Gambling, whether at destination resorts like the ones Adelson owns in Las Vegas and Macao, or via state lotteries, is generally depicted in the media—and in the flood of advertisements perpetually seeking to entice people to gamble—as entertainment with no down sides for society. It is that for many Americans, but we don’t hear enough about how this supposedly harmless vice destroys countless families and lives. Wherever legal gambling flourishes, it generates a lot of work for bankruptcy lawyers and sets off waves of crime as debt-ridden gamblers resort to thievery and embezzlement. Every conceivable social pathology comes in its wake and though governments profit at one end with their large take of the cut, they pay for it in many other ways that have to do with the damage done to those destroyed by gambling.

The odds of winning in state lotteries are so astronomical that they are in effect a tax on stupidity. They would be considered scams were anyone but the government operating them. But the low cost of tickets makes it harder for gambling addicts to ruin themselves with it. Similarly, however great the toll of suffering due to legal casinos may be, its impact is limited by the fact that going to such a place is not an impulse decision but rather a planned excursion.

But once high-stakes gambling becomes something you can play on your phone, the stakes for society will increase exponentially. Scoff at sermons about the evils of gambling preached by a casino owner all you like. But Adelson’s right that once this spreads across the country, it will sink the nation in a new wave of addiction whose costs will be incalculable.

So far, Adelson’s group, which is being fronted by a bipartisan trio of retired politicians—Republican former New York Governor George Pataki, former Democratic Senator Blanche Lincoln of Arkansas, and former Denver Mayor Wellington Webb—has been met with skepticism as was evident when the three were grilled this morning by Chuck Todd on his MSNBC program. Trying to convince Americans that more legal gambling is wrong—a proposition that might have appealed to previous generations—may be like trying to put the genie back in the bottle. But unlike casinos and state lotteries which are off limits for kids, Internet gambling will also likely victimize children who have access to smart phones with little assurance that regulations will make this impossible. As such, Adelson’s group may be right to say that this could be like the “Joe Camel” moment when the nation turned on cigarette advertising because of the way it exploited children and created lifetime addictions.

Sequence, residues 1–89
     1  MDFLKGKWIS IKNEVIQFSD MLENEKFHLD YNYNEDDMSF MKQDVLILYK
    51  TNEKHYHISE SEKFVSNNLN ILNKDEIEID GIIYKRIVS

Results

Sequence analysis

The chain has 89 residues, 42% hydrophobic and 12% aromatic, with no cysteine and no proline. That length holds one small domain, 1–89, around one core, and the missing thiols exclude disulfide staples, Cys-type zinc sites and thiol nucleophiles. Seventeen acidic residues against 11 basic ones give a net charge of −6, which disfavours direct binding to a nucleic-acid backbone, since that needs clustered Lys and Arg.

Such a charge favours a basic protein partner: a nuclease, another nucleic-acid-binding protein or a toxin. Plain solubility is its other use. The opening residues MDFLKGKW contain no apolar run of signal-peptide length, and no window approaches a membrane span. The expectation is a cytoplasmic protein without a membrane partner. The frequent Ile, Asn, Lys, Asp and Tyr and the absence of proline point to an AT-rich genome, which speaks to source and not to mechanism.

Liberals who care about the way gambling singles out the poor ought to be on his side. So, too, should conservatives who claim to care about communal values as well as those who understand that the answer to the question of how to finance big government should be found in lower expenditures, not soaking middle-class and poor gambling addicts.

With many Republicans and most of the gaming industry against him, it’s not clear that all the money in Adelson’s deep pockets will be enough to prevent more states from following New Jersey’s example. Nor are the odds in favor of his attempt to get federal legislation to close the legal Internet gambling sites down. But even if all he’s able to do is to raise awareness of the grievous social costs of this scourge, it will have been worth it. I doubt that this will improve his image in a mainstream media that despises Adelson for his support for conservatives and deprecates his backing for Israel’s Likud government. But whatever you may think of his politics, Adelson’s stand deserves respect and support.